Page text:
BENGALURU (Reuters) - Gold prices dipped on Monday, giving up early gains as the U.S. dollar rose on expectations that the U.S. Federal Reserve will raise interest rates at its policymaking meeting next week.
The losses, however, remained modest amid jitters over the resignation of Italian Prime Minister Matteo Renzi after he lost a referendum on constitutional reform.
Spot gold slipped 0.3 percent to $1,173.56 an ounce by 0226 GMT. U.S. gold futures fell 0.2 percent to $1,175.80 per ounce.
"Looks like people are buying the U.S. dollar and that is in turn prompting selling in gold," said Yuichi Ikemizu, head of commodity trading at Standard Bank in Tokyo.
"People bought gold after the Italian referendum and it looks like they are selling back."
Investors and Europe's politicians fear victory for Italy's opposition 'No' camp could cause political instability and renewed turmoil for Italy's banks, pushing the euro zone towards a fresh crisis.
The euro sank to 20-months lows in Asia on Monday after the Italian vote.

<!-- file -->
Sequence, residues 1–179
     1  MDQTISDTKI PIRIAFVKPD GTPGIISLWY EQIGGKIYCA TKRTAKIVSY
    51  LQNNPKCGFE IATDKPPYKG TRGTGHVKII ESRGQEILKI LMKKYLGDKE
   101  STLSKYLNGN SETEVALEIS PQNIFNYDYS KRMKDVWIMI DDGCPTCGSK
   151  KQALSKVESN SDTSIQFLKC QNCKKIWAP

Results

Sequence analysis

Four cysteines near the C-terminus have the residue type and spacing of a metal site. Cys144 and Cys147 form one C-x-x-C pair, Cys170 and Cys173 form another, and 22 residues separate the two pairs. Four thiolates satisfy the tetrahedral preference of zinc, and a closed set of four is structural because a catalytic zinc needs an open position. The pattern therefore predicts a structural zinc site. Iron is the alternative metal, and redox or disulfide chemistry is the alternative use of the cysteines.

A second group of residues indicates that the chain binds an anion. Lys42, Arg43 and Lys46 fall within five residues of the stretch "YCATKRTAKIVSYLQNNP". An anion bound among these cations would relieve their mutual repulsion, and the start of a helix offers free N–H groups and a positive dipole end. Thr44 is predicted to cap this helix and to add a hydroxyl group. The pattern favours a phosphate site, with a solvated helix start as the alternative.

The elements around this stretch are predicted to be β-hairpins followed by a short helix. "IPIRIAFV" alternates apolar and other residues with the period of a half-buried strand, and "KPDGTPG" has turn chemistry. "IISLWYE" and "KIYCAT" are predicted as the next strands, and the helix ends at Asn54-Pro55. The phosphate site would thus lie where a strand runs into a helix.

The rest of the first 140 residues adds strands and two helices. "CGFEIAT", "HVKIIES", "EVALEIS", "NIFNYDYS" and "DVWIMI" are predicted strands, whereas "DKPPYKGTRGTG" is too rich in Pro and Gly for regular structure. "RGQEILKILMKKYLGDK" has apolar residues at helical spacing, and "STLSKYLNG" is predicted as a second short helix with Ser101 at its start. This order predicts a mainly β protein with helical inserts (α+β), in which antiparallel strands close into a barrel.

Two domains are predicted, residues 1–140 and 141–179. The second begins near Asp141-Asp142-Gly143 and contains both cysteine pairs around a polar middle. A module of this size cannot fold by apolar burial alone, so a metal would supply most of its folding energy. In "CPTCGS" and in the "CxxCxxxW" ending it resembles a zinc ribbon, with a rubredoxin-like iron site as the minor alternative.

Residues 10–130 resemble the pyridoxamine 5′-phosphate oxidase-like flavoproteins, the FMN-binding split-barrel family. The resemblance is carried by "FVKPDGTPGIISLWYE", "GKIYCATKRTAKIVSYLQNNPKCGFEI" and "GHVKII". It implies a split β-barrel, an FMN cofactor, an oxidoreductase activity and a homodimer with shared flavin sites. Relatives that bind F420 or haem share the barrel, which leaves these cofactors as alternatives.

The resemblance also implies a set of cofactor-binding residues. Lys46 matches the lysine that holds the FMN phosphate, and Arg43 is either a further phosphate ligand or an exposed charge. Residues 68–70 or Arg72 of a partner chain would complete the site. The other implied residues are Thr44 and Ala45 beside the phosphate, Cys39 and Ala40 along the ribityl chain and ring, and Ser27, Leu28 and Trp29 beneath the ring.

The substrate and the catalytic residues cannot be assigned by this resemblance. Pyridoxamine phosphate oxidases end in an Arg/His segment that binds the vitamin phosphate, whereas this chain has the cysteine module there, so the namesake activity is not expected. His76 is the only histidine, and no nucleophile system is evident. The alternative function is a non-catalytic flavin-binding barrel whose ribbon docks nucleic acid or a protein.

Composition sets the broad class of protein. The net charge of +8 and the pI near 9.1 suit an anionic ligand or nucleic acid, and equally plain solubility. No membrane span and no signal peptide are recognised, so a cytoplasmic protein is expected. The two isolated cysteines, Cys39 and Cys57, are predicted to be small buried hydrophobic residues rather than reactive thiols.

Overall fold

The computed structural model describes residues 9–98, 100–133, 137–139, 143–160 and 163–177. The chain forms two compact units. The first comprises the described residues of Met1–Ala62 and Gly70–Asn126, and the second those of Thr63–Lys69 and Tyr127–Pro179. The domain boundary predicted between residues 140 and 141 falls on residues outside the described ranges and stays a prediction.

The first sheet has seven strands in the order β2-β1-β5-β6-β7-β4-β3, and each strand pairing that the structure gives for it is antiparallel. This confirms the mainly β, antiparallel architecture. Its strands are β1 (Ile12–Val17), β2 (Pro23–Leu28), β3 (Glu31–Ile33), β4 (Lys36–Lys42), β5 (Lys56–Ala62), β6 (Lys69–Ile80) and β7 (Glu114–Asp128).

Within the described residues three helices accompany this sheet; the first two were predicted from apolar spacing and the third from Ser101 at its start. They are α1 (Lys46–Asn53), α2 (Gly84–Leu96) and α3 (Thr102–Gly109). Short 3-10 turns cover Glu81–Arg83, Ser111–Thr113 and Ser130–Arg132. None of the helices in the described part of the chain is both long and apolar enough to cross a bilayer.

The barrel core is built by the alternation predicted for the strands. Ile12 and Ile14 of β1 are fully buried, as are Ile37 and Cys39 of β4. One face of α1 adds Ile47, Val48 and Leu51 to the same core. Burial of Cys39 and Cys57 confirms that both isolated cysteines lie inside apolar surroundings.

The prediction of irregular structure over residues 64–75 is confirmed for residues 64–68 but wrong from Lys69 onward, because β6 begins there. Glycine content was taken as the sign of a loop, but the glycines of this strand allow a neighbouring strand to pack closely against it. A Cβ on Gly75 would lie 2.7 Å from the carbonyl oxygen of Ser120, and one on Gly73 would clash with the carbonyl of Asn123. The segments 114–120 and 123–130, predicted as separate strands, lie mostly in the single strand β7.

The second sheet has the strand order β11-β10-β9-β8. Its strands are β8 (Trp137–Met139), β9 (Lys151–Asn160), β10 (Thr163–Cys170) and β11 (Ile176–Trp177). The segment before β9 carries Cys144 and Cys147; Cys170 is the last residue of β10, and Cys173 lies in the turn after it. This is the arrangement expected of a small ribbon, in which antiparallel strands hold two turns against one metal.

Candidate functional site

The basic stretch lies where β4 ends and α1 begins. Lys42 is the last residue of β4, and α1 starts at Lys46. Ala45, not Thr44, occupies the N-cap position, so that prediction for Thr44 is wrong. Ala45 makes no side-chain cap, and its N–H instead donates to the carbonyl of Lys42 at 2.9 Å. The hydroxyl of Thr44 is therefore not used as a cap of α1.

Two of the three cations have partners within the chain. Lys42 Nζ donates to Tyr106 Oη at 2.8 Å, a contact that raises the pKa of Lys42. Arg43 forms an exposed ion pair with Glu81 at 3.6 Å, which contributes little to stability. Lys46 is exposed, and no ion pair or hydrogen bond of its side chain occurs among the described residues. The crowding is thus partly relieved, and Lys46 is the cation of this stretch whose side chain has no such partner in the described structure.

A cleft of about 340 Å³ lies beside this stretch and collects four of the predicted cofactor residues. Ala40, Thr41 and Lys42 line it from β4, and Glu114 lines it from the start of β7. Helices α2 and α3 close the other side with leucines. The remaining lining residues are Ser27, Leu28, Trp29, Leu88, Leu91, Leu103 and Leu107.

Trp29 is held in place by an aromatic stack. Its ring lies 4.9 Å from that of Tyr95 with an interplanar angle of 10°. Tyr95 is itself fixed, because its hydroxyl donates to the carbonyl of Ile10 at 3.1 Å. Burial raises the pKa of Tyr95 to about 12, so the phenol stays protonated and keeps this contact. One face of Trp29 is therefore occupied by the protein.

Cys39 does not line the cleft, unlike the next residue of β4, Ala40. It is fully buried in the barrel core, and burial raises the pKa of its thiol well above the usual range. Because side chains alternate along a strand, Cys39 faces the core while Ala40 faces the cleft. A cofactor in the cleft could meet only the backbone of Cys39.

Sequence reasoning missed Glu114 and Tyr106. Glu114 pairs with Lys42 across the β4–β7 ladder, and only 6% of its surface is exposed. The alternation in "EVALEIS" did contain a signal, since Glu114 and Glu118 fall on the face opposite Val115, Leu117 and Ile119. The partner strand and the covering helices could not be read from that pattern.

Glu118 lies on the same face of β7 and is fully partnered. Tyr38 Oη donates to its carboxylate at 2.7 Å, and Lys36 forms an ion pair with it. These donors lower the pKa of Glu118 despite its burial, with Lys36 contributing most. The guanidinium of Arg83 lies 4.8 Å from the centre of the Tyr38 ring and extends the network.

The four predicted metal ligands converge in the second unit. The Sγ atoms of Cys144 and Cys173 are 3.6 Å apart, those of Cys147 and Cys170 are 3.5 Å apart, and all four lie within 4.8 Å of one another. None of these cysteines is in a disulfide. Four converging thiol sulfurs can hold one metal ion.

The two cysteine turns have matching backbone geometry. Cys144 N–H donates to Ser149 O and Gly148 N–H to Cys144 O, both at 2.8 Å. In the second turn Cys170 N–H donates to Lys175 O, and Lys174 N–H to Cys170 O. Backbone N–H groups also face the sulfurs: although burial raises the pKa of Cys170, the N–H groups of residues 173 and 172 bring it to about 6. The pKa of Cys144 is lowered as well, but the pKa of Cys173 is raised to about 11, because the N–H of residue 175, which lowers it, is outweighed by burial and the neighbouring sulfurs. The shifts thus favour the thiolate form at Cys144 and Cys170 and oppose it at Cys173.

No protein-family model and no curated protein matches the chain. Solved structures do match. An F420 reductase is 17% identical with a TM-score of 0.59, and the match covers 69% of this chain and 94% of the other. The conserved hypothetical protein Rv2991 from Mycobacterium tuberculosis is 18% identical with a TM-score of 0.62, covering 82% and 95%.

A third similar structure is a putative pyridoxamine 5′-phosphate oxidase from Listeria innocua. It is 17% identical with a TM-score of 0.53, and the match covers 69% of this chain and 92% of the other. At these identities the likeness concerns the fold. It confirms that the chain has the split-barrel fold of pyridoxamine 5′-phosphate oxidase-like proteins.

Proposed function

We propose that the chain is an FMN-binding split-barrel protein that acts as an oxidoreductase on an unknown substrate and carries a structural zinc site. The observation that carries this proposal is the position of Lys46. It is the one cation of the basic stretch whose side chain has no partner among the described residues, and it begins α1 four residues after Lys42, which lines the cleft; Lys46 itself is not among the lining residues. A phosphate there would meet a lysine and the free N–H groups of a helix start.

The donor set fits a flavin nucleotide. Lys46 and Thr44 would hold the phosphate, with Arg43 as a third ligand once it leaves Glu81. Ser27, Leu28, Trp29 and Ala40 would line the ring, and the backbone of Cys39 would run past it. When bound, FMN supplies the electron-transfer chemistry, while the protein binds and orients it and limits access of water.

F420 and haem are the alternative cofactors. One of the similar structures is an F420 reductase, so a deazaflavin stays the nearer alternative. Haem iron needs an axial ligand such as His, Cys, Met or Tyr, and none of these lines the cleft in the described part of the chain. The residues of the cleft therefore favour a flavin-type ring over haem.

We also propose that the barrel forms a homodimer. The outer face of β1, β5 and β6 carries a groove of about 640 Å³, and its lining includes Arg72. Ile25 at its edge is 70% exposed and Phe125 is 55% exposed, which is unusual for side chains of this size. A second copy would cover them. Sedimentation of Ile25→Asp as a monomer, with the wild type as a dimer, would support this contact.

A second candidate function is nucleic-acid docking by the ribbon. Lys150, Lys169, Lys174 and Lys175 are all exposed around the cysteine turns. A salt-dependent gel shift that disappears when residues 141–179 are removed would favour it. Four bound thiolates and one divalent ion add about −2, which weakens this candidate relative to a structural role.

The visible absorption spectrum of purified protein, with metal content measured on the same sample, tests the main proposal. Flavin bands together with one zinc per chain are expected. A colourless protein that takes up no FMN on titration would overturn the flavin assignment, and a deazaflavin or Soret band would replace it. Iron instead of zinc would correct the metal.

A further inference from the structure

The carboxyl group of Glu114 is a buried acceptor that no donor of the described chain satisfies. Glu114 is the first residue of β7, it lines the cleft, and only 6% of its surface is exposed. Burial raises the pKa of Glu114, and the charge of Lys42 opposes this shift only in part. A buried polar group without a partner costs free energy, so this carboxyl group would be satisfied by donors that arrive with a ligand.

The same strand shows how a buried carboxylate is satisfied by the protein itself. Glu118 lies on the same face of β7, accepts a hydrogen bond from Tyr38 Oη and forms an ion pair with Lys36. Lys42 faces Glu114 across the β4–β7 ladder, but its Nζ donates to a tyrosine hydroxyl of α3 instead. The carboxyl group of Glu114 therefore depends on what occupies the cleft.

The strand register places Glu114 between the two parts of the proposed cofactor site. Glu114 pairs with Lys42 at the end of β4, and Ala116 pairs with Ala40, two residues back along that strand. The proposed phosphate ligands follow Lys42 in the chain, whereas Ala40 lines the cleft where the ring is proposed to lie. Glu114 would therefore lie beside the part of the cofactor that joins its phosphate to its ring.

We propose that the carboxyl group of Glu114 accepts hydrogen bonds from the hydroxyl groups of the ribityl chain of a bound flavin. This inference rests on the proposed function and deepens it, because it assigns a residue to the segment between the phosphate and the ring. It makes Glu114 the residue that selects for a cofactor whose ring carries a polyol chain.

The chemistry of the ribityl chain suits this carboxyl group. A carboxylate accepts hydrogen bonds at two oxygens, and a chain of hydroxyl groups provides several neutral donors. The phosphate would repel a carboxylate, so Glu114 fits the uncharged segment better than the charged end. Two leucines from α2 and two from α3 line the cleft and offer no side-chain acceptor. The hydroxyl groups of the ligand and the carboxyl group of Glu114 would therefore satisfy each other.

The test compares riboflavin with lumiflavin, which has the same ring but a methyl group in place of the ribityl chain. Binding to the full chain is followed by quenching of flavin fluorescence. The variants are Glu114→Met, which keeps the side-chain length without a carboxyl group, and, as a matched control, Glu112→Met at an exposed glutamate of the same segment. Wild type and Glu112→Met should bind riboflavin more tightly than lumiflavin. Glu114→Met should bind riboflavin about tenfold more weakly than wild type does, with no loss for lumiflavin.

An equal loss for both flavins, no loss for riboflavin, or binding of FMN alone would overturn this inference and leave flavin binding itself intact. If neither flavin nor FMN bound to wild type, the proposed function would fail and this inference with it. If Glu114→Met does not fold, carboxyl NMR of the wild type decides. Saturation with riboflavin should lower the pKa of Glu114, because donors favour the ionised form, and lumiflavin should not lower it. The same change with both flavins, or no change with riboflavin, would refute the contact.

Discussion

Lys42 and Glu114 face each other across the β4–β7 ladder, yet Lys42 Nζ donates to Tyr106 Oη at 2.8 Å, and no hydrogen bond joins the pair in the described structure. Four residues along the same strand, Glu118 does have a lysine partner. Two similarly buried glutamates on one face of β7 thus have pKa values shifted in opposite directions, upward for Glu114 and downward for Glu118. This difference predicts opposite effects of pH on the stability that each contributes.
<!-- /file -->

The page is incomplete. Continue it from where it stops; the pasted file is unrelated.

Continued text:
The dollar index, which measures the greenback against a basket of major currencies, was up 0.7 percent at 101.46, its best one-day rise since Nov. 14.
"Movement in dollar is going to determine the gold price for some time," Ikemizu added.
The U.S. unemployment rate fell to a nine-year low of 4.6 percent in November, as employers added another 178,000 jobs, making it almost certain that the Federal Reserve will raise interest rates later this month.
Positive data usually puts pressure on gold prices, because investors raise bets on a U.S. interest rate hike that would increase the opportunity cost of holding non-yielding bullion.
Speculators reduced their net long position in gold futures and options by 17,843 lots to 103,392 lots, the lowest since February, U.S. Commodity Futures Trading Commission (CFTC) data showed.
Gold premiums in China held near three-year highs this week amid limited supply of the precious metal with traders saying Beijing was restricting imports.
Among other precious metals, silver edged 0.2 percent lower to $16.67 an ounce, after it touched a more than two-week high earlier in the session.
Platinum was down 0.3 percent at $924.50 and palladium slid 0.7 percent to $736.20.
"We expect palladium to continue outperforming and recommend buying palladium on dips against platinum," Mark Keenan, cross commodity strategist at Societe Generale wrote in a note.
"Platinum is also facing headwinds from a weaker South African rand, which makes it more profitable to produce platinum."
(Reporting by Swati Verma and Nallur Sethuraman in Bengaluru; Editing by Richard Pullin)